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Quick Start

Once you've Setup your development environment, you're ready to create your first Soroban contract.

Create New Project

Start by creating a new Rust library using the cargo new command.

cargo new --lib first-project

Open the Cargo.toml, it should look something like this:

Cargo.toml
[package]
name = "first-project"
version = "0.1.0"
edition = "2021"

Add soroban-sdk Dependency

Add the following sections to the Cargo.toml that will import the soroban-sdk.

caution

The soroban-sdk is in early development. Report issues here.

[lib]
crate-type = ["cdylib", "rlib"]

[features]
testutils = ["soroban-sdk/testutils"]

[dependencies]
soroban-sdk = "0.0.4"

[dev_dependencies]
soroban-sdk = { version = "0.0.4", features = ["testutils"] }

[profile.release]
opt-level = "z"
overflow-checks = true
debug = 0
strip = "symbols"
debug-assertions = false
panic = "abort"
codegen-units = 1
lto = true

The features list includes a testutils feature, which will cause additional test utilities to be generated for calling the contract in tests.

info

The testutils test utilities are automatically enabled inside Rust unit tests inside the same crate as your contract. If you write Rust integration tests, or write tests from another crate, you'll need to add #[cfg(feature = "testutils")] to those tests and enable the testutils feature when running your tests with cargo test --features testutils to be able to use those test utilities.

The config for the release profile configures the Rust toolchain to produce smaller contracts.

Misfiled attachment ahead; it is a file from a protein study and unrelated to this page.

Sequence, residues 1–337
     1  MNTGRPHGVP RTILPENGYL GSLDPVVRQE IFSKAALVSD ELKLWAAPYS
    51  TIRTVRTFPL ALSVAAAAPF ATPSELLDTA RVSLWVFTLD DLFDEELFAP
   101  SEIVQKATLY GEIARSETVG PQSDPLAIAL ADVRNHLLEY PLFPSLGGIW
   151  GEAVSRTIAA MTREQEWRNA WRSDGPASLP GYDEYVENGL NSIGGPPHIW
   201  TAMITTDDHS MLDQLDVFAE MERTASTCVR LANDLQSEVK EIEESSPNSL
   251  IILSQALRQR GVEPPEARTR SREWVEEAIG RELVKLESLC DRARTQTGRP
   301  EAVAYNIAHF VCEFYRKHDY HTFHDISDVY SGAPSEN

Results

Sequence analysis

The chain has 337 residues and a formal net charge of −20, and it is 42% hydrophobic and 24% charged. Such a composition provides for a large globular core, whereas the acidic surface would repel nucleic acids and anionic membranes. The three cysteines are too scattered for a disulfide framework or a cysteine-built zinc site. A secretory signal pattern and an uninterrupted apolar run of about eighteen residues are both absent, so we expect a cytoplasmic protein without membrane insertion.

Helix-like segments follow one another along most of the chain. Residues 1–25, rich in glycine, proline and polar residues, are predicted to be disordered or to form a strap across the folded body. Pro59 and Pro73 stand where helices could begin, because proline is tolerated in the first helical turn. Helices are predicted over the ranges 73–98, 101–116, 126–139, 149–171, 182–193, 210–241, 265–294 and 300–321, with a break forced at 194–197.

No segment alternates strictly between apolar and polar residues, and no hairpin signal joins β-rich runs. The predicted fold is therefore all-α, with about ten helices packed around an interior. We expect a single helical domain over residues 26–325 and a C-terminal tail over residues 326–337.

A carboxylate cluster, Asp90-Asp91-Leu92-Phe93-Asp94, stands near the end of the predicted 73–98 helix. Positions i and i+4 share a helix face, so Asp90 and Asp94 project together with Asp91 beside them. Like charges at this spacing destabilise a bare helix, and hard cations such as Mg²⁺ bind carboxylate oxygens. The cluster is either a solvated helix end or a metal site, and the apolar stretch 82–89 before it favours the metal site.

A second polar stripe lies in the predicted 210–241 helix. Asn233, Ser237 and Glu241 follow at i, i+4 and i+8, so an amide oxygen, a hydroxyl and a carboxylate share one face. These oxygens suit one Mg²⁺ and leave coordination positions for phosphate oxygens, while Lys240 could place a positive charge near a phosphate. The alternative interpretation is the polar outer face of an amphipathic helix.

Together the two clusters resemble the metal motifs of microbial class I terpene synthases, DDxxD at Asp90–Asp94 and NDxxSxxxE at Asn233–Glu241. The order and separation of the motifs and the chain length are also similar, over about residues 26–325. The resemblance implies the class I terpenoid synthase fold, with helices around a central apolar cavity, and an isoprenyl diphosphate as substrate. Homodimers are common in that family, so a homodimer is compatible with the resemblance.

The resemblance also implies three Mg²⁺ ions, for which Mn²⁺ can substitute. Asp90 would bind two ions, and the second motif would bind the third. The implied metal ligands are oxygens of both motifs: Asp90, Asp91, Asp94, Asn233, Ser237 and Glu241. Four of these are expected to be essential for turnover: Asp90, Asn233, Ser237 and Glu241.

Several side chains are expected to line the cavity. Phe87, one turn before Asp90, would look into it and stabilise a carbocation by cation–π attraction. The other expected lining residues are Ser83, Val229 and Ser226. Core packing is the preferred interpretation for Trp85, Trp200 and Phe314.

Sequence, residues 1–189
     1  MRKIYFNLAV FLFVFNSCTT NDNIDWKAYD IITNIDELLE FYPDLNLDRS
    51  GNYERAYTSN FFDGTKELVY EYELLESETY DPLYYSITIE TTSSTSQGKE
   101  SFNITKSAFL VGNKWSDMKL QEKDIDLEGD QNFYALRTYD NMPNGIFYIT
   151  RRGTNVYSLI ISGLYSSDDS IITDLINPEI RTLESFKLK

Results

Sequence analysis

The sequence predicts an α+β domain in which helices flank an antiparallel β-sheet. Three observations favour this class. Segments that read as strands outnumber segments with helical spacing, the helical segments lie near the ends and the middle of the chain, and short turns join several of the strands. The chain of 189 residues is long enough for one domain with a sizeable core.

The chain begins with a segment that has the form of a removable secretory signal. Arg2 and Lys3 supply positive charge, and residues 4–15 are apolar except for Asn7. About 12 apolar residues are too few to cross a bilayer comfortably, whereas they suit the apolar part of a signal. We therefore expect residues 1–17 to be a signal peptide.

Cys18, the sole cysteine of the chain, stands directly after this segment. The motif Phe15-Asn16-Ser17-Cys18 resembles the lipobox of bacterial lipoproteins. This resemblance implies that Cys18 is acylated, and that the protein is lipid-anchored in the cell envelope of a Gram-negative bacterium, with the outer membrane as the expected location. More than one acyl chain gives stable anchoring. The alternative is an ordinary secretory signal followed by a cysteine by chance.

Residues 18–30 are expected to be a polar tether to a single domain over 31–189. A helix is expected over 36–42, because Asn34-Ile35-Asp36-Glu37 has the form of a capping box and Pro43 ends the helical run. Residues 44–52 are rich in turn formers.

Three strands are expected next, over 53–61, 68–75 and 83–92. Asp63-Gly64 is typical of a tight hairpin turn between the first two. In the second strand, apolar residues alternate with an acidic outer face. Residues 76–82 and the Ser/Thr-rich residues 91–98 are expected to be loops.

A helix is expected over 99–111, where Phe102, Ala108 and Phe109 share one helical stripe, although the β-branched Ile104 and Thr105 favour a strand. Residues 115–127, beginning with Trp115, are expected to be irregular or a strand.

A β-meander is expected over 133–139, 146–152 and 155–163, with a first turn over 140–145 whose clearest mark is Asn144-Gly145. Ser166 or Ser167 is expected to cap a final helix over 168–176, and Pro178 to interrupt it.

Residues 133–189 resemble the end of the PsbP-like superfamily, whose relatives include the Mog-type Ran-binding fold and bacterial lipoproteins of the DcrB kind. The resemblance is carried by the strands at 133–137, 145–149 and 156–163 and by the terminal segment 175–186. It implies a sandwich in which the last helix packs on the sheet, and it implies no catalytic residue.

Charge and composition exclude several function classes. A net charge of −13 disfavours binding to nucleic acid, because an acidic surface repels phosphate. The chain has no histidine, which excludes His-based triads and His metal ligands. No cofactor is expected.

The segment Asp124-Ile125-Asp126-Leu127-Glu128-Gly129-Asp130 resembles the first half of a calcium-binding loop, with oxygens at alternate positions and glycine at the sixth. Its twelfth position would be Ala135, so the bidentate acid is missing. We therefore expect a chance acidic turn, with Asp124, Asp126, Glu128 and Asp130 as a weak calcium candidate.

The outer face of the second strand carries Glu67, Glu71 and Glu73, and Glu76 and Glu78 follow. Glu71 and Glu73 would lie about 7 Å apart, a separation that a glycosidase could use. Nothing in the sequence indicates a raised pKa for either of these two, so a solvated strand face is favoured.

Write the Code

Open the src/lib.rs file, and copy-paste the following code.

#![no_std]
use soroban_sdk::{contractimpl, symbol, vec, Env, Symbol, Vec};

pub struct Contract;

#[contractimpl]
impl Contract {
pub fn hello(env: Env, to: Symbol) -> Vec<Symbol> {
vec![&env, symbol!("Hello"), to]
}
}

#[cfg(test)]
mod test {
use super::{Contract, ContractClient};
use soroban_sdk::{symbol, vec, BytesN, Env};

#[test]
fn test() {
let env = Env::default();
let contract_id = BytesN::from_array(&env, &[0; 32]);
env.register_contract(&contract_id, Contract);
let client = ContractClient::new(&env, &contract_id);

let words = client.hello(&symbol!("Dev"));
assert_eq!(
words,
vec![&env, symbol!("Hello"), symbol!("Dev"),]
);
}
}

Run the Tests

Run cargo test and watch the contract run. You should see the following output:

cargo test
running 1 test
test test::test ... ok

Try changing the values in the test to see how it works.

Build the Contract

To build the contract into a .wasm file, use the cargo build command.

cargo build --target wasm32-unknown-unknown --release

A .wasm file should be outputted in the target directory:

target/wasm32-unknown-unknown/release/first_project.wasm
info

Hyphens in Rust crate names are replaced by underscores in code and generated file names, so first-project is outputted as first_project.wasm.

Run the Contract

If you have soroban-cli installed, you can invoke contract functions in the contract.

soroban-cli invoke \
--wasm target/wasm32-unknown-unknown/release/first_project.wasm \
--id 1 \
--fn hello \
--arg friend

You should see the following output:

["Hello","friend"]